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Eight people died in Minnesota fires last month – and careless smoking was the likely cause in four of those deaths.

As a matter of fact, careless smoking is typically the leading cause of fatal fires each year in Minnesota.

According to the State Fire Marshal’s office, which recently released fire statistics for the past decade, there were only three fire deaths in the state by the end of January last year, and a total of 42 deaths for the year (a preliminary total, according to the statistics).

Those 42 deaths represent a 14 percent increase from the year before.

Careless smoking fire deaths:
Seniors most likely victims

The average age of victims who died in careless-smoking-related fires between 2009 and 2019 was 61.

Early investigations into this year’s eight deaths – a pace that would produce almost 100 deaths for 2020 – show that seven victims were older than 50.

Between six and 11 people have died in careless smoking-related fires annually since 2009 in Minnesota. At least seven died from fires caused by careless smoking last year.

Careless smoking fire deaths:
Avoiding careless smoking fires

The State Fire Marshal’s office released these tips to prevent a careless smoking-related fire:

  • If you are going to smoke, do so outside and then extinguish the cigarette in a sturdy ashtray filled with sand or water.
  • NEVER discard a cigarette in a potted plant, leaves, mulch or other vegetation. Discarding a cigarette in vegetation is a recipe for disaster.
  • Do not smoke while on oxygen or while under the influence of drugs or alcohol.

“I was a smoker for 30 years. I know how hard it is to quit,” Jim Smith, the State Fire Marshal, said in a release. “But it’s not hard to smoke outside and properly extinguish your cigarettes in a sturdy container filled with sand or water. It’s not hard to talk to your loved ones who smoke and ask them to do these things.”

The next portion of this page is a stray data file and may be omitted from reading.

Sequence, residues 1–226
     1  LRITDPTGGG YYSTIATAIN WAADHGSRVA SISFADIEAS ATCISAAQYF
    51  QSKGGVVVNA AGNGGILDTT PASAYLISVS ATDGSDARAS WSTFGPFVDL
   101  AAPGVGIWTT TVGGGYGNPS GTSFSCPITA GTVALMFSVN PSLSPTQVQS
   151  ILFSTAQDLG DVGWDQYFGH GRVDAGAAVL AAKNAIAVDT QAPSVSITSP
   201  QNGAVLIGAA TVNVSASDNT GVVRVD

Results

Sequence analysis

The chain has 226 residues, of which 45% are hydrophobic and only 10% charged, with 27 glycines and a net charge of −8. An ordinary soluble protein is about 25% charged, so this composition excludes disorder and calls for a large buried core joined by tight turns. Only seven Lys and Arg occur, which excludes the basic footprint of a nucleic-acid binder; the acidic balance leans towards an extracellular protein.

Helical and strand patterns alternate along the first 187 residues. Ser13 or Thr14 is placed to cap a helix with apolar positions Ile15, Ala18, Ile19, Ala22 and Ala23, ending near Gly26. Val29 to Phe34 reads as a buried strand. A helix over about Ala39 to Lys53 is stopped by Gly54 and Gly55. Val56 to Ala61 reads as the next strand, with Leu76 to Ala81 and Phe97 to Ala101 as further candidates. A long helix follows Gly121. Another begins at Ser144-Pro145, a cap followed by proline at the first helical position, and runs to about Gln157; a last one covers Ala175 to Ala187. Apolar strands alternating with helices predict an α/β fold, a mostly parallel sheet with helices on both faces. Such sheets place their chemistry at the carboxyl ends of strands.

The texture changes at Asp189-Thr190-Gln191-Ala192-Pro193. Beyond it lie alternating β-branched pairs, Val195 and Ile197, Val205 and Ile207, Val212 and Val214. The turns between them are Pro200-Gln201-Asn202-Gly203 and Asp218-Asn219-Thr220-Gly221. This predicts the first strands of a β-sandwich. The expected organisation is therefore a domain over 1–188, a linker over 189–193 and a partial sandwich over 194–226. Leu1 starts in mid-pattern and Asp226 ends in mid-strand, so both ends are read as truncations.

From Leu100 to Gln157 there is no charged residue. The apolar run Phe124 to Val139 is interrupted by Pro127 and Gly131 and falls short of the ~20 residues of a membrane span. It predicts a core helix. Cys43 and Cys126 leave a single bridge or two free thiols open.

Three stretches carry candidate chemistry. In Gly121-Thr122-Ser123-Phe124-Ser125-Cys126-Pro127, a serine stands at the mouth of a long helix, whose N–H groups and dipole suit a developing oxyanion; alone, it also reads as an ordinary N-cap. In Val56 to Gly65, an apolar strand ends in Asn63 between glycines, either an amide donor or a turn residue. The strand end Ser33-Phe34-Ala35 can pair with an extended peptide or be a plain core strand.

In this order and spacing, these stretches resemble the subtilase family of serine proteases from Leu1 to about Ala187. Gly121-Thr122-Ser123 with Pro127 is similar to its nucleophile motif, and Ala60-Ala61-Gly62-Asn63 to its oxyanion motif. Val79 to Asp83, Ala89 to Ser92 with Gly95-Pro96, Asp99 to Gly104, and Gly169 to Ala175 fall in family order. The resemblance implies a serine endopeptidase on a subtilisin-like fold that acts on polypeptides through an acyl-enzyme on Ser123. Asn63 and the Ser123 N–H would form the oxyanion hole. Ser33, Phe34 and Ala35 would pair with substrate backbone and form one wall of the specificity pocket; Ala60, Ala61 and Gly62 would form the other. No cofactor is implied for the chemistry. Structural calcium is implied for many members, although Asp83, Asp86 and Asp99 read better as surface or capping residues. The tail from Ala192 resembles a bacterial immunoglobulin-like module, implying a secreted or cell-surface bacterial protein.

Careless smoking fire deaths continue to plague Minnesota

Eight people died in Minnesota fires in January, and careless smoking – typically the leading cause of fatal fires in the state yearly – was to blame for four of those deaths.

Careless smoking fire deaths:
Average of 47 from all causes

Fire deaths from all causes since 2009:

  • 2019: 42 (preliminary)
  • 2018: 36
  • 2017: 68
  • 2016: 43
  • 2015: 57
  • 2014: 44
  • 2013: 44
  • 2012: 50
  • 2011: 56
  • 2010: 39
  • 2009: 35

The 10-year total through 2018 was 472, an average of 47 a year.

The leading cause of fire deaths in each of these years was careless smoking.

Careless smoking fire deaths:
Fire-prevention advice

About 67 percent of victims killed in 2019 fires were over the age of 50, and there weren’t any working smoke alarms in 12 percent of the homes where people were killed. The numbers will be confirmed later in 2020, after hospitals in the state report the last of their data to the Minnesota Department of Health.

When speaking to the media about the statistics, Smith also reminded Minnesotans that they should not leave space heaters, candles, or food cooking on the stovetop unattended.

“There are many little things we can do to prevent a devastating fire from happening in our homes,” Smith said. “It is important to practice fire prevention and safety every day.”

National fire prevention officials recommend that homeowners conduct monthly tests on smoke and carbon monoxide alarms, and also create a family escape plan in the event of an emergency.

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